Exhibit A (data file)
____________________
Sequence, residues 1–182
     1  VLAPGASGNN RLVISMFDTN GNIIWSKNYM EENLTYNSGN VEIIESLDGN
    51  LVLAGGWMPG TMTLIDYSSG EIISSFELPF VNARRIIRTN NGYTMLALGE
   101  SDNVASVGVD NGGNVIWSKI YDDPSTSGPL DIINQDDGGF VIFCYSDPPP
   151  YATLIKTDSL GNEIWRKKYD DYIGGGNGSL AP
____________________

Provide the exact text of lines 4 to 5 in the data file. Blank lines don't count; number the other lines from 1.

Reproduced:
   101  SDNVASVGVD NGGNVIWSKI YDDPSTSGPL DIINQDDGGF VIFCYSDPPP
   151  YATLIKTDSL GNEIWRKKYD DYIGGGNGSL AP